Premier Paula Cox *File photo
Premier Paula Cox *File photo

WEDNESDAY, JUNE 1: The PLP will rely on its core strength of connecting with the community on the doorstep to carry it to a fourth successive general election victory.

It is widely predicted that Premier Paula Cox will go to the country before the end of the year.

The fledgling One Bermuda Alliance party says it will be ready with a full slate of 36 candidates whenever an election is called. And Chairman Mike Fahy said the party would attempt to hold the PLP to account for its record on crime, education and the economy. He believes it is a realistic goal for the month-old party to win the election.

But PLP insiders believe the emergence of the One Bermuda Alliance will not fundamentally alter the dynamics of a Bermuda general election.

The PLP expects to hold its majority in the House of Assembly despite concerns that the gang murder epidemic could cost the party votes in some key areas.

The economy is another potential problem area for the PLP but party activists believe people will accept that Bermuda’s problem is part of a wider global picture and will trust the PLP to protect Bermudian jobs.

A source told the Bermuda Sun that the election would be fought along familiar lines with the PLP championing its role as the party of the people and the One Bermuda Alliance viewed as the party of business.

“It’s a question of connecting with the people on the doorstep. The PLP does not have to fake its community connections.

“Everything the Opposition wants to do is connected with money and business. However many times they want to change their name it is still the Barritts, the Dunkleys and the Gibbons’s.

“How can you fight price rises in the supermarkets when you profit from those price rises? How can you complain about insurance costs for seniors when you own an insurance company?

“When push comes to shove, who do people think will look out for them? The PLP or the Oppostion?”

The PLP acknowledges that the continuing crime problem could be an electoral problem. But they believe people will recognize the efforts made in terms of legislative change, increased police powers and social programmes.

“During an election people pay much closer attention to what’s going on politically. They will see what we’ve tried to do and this myth that we have done nothing will sound hollow.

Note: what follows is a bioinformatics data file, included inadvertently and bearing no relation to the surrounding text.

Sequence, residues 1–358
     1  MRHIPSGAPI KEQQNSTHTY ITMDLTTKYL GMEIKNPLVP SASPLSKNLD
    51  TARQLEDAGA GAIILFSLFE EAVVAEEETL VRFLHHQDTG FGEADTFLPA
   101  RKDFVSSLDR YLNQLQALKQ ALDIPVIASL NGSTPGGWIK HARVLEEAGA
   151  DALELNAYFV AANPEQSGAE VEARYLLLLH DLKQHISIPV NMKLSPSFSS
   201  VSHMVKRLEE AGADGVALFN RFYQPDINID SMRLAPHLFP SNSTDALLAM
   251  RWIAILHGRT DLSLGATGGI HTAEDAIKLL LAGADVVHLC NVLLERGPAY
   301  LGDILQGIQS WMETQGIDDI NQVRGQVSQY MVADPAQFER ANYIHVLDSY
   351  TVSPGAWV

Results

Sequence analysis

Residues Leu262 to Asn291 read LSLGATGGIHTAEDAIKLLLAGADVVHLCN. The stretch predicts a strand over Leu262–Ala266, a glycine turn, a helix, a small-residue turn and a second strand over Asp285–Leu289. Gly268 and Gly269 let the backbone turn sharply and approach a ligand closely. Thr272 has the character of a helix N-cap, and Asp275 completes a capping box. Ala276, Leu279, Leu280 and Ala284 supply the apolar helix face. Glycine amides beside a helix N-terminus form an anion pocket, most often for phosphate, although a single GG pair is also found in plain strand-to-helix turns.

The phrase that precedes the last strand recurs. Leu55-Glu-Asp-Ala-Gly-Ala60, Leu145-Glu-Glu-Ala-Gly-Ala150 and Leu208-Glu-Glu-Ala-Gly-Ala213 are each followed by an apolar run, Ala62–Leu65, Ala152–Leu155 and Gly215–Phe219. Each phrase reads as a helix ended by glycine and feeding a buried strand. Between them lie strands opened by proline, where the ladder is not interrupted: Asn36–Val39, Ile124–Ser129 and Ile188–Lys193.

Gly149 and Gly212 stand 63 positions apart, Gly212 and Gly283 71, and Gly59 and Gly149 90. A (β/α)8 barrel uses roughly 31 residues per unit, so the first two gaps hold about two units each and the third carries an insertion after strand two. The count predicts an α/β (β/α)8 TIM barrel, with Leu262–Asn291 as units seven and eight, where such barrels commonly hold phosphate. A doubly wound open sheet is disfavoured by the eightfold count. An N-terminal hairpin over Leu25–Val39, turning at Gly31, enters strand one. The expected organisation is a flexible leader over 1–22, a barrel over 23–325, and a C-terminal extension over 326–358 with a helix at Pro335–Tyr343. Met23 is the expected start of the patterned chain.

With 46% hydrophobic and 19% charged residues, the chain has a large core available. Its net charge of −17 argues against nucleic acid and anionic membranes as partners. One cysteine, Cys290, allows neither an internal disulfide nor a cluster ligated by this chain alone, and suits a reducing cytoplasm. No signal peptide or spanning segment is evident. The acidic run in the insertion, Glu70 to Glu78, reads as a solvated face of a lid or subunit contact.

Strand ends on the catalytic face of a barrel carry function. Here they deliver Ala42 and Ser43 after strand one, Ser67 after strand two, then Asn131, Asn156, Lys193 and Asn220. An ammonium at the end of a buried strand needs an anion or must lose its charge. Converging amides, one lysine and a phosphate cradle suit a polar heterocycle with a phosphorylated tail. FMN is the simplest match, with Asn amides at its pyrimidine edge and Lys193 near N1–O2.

“Elections are fundamentally about the future. It won’t be enough for the opposition to simply criticize the Government they have to have a plan for the future and they simply don’t have one.”

Mr Fahy believes it would be a mistake for the PLP to assume they are fighting the same kind of opposition as in 2007.

He said the OBA would ensure it had the right candidates for the right constituencies. He accepted it would be an “uphill battle” to be ready to win an election this year.

And he believes the next few months, during which the party will attempt to recruit a slate of quality candidates, will be crucial to its chances.

He said: “With the right candidates the OBA will win the next election.

“There is an opportunity right now for anyone who feels they can make a difference to apply to be a candidate for the OBA. They can apply along with all sitting MPs to be a candidate.”

A central candidate selection committee will attempt to match up the best candidates with the right constituencies to ensure the OBA retains a community connection at a local level.

Mr Fahy said the OBA would ‘change the way politics is done’ in Bermuda.

“We have to move back to the issues and the issues are very simple. The economy is performing worse than ever before, our children are failing in the education system and gang violence is rampant. We are reaching a breaking point and if we leave it too late there will be nothing left to rebuild.”

The PLP is understood to be concerned about the potential impact of the apparently unstoppable tide of gang violence on voters.


The issue of political accountability for the police is expected to be raised again with the party likely to argue that the violence on the streets is not, fundamentally, a legislative problem.

They will point to a series of anti-gang laws and social intervention policies as evidence that the Government is doing its part in what needs to be a wider community effort.

“Is crime something I think will be a negative against the party? No question,” a PLP insider told us.

“When people don’t feel secure that’s a problem.

“But when you look at the legislation and at the work of the former and current attorney generals and the National Security ministers, the idea that we haven’t done anything is going to sound hollow.”